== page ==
What can be learned from the rotational motion of single molecules in a polymer melt near the glass transition?R. A. L. Vallée1, M. Van der Auweraer1, W. Paul2 and K. Binder2
1 Department of Chemistry, Katholieke Universiteit Leuven - 3001 Leuven, Belgium
2 Institute of Physics, Johannes-Gutenberg University - 55099 Mainz, Germany
received 17 April 2007; accepted in final form 25 June 2007; published August 2007
published online 19 July 2007
We develop a framework for the interpretation of single-molecule (SM) spectroscopy experiments of probe dynamics in a complex glass-forming system. Specifically, from molecular dynamics simulations of a single probe molecule in a coarse-grained model of a polymer melt, we show the emergence of sudden large angular reorientations (SLARs) of the SM as the mode coupling critical temperature is closely approached. The large angular jumps are intimately related to meta-basin transitions in the potential energy landscape of the investigated system and cause the appearance of stretched exponential relaxations of various rotational observables, reported in the SM literature as dynamic heterogeneity. We show that one can determine parameters predicted by the mode coupling theory from SM trajectory analysis and check the validity of the time temperature superposition principle.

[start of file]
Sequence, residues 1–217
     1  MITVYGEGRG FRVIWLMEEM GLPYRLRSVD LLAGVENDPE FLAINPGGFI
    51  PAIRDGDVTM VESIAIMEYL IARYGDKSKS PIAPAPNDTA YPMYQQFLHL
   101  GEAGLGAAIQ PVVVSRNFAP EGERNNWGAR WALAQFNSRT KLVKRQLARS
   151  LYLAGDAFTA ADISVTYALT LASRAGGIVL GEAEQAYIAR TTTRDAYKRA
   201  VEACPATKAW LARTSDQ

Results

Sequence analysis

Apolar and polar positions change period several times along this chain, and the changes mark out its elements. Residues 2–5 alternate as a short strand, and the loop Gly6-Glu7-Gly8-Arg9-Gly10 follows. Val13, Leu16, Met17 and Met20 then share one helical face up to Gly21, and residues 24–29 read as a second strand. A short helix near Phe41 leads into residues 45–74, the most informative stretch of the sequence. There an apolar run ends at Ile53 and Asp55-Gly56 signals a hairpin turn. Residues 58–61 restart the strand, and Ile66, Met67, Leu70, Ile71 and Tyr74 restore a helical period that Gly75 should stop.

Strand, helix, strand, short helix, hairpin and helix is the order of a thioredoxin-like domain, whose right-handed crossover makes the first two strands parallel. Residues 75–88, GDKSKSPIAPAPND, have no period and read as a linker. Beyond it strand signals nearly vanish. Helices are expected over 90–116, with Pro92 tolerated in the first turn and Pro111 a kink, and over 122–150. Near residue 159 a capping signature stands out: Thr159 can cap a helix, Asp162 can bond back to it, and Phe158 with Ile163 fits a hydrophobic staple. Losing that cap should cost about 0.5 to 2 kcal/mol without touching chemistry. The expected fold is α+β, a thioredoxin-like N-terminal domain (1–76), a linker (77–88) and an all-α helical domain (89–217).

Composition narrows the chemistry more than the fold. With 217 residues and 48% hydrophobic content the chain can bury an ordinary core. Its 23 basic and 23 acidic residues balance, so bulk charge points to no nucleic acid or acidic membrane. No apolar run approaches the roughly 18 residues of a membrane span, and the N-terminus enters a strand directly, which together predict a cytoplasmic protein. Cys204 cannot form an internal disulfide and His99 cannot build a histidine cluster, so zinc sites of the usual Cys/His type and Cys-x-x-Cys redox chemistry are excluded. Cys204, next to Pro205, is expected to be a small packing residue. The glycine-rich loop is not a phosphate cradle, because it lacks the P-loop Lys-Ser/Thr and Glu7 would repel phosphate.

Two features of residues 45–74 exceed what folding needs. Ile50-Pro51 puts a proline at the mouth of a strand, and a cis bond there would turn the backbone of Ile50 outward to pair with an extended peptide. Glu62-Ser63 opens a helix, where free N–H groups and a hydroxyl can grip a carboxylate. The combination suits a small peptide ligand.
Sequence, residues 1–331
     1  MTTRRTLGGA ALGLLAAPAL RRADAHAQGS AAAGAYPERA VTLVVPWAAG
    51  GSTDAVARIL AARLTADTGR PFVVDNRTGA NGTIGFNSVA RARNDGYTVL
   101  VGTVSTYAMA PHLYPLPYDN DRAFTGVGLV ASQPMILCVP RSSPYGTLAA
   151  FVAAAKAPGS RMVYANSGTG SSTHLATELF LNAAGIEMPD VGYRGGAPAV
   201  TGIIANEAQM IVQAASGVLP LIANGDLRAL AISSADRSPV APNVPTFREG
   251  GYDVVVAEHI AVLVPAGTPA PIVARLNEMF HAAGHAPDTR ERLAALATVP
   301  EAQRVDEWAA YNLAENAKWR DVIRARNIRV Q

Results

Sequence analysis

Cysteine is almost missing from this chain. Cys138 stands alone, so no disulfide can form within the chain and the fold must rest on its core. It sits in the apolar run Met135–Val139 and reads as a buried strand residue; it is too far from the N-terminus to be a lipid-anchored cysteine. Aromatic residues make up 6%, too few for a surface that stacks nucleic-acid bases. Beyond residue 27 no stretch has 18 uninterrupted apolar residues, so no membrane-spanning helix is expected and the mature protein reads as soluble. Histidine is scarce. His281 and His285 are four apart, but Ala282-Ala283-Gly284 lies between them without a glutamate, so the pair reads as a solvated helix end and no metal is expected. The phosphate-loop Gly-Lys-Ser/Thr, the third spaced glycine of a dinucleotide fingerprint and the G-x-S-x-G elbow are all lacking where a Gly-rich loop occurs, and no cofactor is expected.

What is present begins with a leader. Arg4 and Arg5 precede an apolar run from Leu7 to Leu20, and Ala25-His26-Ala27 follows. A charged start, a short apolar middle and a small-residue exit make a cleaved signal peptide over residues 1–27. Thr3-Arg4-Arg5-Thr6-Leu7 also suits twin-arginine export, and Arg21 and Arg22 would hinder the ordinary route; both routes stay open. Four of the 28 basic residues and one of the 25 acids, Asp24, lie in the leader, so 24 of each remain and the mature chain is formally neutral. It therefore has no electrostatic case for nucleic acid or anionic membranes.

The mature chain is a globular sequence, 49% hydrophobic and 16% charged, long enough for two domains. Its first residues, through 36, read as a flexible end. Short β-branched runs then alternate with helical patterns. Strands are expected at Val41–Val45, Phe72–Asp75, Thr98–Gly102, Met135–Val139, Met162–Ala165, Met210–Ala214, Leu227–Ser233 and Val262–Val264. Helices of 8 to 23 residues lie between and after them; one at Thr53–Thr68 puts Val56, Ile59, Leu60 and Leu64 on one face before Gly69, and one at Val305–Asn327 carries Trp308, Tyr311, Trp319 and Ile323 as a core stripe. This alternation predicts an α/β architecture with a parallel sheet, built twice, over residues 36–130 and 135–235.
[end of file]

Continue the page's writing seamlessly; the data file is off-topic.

61.20.Ja - Computer simulation of liquid structure.
61.20.Lc - Time-dependent properties; relaxation.
64.70.Pf - Glass transitions.
© Europhysics Letters Association 2007